While many people do not enjoy this type of chain-of-command environment, it is useful for companies that have strong compliance needs or many workers who have no experience and need a heavily supervised workplace. 

    If you are a creative or collaborative employee, stay away from this leadership style. It will crush your soul. If you are having surgery, this kind of work environment ensures that your surgeon has gone over the operation’s rules and processes thoroughly. 

    5. Laissez-faire or hands-off Leadership

    This leadership style is the anti-autocratic. They fancy themselves as laidback. Their biggest claim to fame is delegating as many tasks as possible to team members and providing little to no supervision. In theory, because a laissez-faire leader is not managing people, he or she can work on other projects. In reality, he or she can be lazy or be seen as lazy. 

    This leadership style can work for a team who is experienced and wants to be left alone. But this type of leadership can create confusion and a feeling of disconnect with the boss. Not knowing what the expectations are or how to prioritize projects can be frustrating for team members who need clear directions.  

     6. Democratic Leadership

    In the democratic leadership style, every vote counts.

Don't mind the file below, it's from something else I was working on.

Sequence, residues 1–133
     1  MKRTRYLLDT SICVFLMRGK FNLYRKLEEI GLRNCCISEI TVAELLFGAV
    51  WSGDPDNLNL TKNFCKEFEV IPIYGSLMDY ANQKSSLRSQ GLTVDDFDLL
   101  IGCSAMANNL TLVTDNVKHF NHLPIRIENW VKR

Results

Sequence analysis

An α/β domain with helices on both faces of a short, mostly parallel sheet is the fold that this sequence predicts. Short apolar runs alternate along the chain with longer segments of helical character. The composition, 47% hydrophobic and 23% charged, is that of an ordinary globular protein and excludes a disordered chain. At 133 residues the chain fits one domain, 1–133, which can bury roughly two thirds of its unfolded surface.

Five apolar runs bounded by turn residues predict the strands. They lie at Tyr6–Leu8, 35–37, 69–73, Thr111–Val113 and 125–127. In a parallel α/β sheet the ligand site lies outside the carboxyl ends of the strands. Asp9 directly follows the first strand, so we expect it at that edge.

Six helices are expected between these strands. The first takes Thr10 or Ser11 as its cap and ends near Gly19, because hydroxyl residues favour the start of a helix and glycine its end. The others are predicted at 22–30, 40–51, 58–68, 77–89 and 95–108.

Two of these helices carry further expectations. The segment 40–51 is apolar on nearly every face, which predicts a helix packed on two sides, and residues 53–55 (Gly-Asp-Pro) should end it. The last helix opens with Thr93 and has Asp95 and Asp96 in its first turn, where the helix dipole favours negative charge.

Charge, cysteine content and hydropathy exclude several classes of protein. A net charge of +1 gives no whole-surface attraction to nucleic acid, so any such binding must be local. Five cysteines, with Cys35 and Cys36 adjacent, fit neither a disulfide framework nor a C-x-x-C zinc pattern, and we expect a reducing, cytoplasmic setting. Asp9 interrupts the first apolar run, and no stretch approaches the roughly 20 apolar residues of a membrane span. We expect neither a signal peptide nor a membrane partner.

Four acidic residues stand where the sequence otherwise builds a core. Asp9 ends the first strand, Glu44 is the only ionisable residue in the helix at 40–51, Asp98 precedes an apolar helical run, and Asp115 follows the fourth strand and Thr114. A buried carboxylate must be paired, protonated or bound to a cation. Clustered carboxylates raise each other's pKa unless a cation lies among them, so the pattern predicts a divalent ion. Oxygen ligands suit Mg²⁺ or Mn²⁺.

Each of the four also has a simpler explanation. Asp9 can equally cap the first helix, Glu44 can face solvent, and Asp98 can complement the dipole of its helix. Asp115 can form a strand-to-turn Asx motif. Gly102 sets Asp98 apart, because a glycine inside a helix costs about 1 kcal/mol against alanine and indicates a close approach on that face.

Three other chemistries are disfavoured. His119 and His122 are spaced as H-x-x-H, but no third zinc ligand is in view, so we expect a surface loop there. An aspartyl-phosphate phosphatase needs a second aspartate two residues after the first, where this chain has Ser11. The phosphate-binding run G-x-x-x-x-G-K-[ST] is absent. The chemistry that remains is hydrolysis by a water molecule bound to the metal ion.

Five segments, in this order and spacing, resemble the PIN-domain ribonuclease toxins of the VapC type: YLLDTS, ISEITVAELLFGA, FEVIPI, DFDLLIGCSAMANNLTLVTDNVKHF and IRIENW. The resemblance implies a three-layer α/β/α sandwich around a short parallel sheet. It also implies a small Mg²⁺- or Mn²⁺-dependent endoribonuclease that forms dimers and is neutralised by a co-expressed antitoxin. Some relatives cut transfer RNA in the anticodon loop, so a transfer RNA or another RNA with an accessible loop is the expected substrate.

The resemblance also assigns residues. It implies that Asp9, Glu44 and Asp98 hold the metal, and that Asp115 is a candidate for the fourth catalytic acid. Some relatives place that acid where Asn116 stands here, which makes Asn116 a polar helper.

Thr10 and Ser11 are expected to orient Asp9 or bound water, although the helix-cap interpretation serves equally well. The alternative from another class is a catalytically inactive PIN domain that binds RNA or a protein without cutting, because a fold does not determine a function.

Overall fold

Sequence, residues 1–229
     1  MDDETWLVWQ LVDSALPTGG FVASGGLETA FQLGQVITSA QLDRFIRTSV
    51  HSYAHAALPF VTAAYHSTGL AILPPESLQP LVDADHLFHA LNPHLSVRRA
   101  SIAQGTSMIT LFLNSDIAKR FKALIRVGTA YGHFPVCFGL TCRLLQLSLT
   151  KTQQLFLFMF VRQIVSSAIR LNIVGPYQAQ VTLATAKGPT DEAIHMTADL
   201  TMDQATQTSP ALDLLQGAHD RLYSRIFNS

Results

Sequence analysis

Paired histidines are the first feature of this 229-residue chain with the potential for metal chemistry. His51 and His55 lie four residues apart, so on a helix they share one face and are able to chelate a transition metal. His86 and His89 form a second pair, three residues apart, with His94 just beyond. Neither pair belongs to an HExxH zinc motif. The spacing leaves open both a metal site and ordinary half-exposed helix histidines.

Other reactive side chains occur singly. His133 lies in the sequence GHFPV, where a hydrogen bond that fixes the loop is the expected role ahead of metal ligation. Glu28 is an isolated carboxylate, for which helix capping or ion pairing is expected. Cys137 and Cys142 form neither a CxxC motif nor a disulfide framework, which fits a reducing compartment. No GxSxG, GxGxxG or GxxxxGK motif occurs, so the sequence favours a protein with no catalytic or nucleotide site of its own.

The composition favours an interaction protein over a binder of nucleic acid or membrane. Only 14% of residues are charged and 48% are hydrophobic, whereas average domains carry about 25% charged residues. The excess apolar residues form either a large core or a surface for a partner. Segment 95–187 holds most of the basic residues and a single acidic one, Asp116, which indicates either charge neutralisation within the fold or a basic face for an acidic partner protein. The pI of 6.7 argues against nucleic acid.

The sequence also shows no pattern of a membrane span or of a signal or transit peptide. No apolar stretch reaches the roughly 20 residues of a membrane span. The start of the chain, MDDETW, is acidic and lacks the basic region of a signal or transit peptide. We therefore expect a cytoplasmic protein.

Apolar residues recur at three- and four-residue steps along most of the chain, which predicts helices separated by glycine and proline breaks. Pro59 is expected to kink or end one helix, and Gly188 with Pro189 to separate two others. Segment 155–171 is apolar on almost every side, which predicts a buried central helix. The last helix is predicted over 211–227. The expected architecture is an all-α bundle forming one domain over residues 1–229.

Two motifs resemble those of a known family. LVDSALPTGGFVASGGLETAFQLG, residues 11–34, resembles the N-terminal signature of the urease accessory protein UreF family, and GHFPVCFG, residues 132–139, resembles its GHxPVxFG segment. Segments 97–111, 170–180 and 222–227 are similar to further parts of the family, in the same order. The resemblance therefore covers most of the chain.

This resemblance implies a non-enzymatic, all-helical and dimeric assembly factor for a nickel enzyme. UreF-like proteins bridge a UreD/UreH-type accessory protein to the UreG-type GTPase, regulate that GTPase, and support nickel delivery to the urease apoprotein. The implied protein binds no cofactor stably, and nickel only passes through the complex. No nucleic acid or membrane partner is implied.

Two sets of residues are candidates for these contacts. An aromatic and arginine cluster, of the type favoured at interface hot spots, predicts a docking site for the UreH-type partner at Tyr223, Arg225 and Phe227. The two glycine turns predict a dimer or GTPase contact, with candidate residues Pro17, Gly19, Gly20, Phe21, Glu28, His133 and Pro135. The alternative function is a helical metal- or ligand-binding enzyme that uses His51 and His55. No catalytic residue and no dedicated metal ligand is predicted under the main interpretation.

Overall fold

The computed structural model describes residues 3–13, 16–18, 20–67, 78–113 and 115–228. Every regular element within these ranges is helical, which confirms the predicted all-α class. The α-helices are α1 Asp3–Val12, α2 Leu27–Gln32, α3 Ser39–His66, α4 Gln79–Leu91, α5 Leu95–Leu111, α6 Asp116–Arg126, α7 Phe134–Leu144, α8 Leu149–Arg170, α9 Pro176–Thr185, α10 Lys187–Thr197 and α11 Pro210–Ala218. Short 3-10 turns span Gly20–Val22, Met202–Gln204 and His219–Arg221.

The democratic leadership is a happy medium between the autocratic and laissez-faire types of leaders. With a democratic leader, you get a vote. He or she asks for input and considers feedback before making a decision. While the process can make employees feel like their thoughts matter, in some industries this leadership style bogs down the decision-making process.

    If you are on a team that is on the same page and can reach better ideas through a group discussion, then bravo! This leadership style works.  

    7. The Pacesetter

    If you work in an industry that needs fast decisions and has to keep up with the pace of business, the pacesetter leadership style may be prevalent. This leadership style is effective for getting fast results. These leaders set high standards and expectations. If you can’t meet the bar, then it’s time to move on. This work environment can be challenging, but highly rewarding.

    When something isn’t working or can be streamlined, the pacesetter will make the changes to keep the pace.

    8. Bureaucratic Leadership

    Bureaucratic leaders are cousins to the autocratic leaders. So they are ineffective and will squash any creativity or innovation in its tracks. They expect their team members (subordinates, because there is no teamwork) to follow the rules and procedures as written. Surprise, you’ll find this style of leadership in bureaucracies a.k.a. government agencies. The focus is on a fixed set of duties within a hierarchy.

    Collaboration and ideas are frowned on. What matters is that you are punctual, follow the rules and keep doing things the way they have always been done. 

    This style of leadership is rarely effective and sends brilliant employees running for the hills, or at least it makes them wish they could quit their job.

    Leadership Styles Can Change Based on the Situation

    No one is locked into a certain leadership style. Some styles may feel more natural to you, especially if your boss was a certain style. As an employee, you have to decide what kind of leadership you’re willing to work for and which ones are deal-breakers.

    Knowing which leadership styles appeal to you will help you make better choices about who you want as a boss. Good luck and lead the way.   

    Similar Posts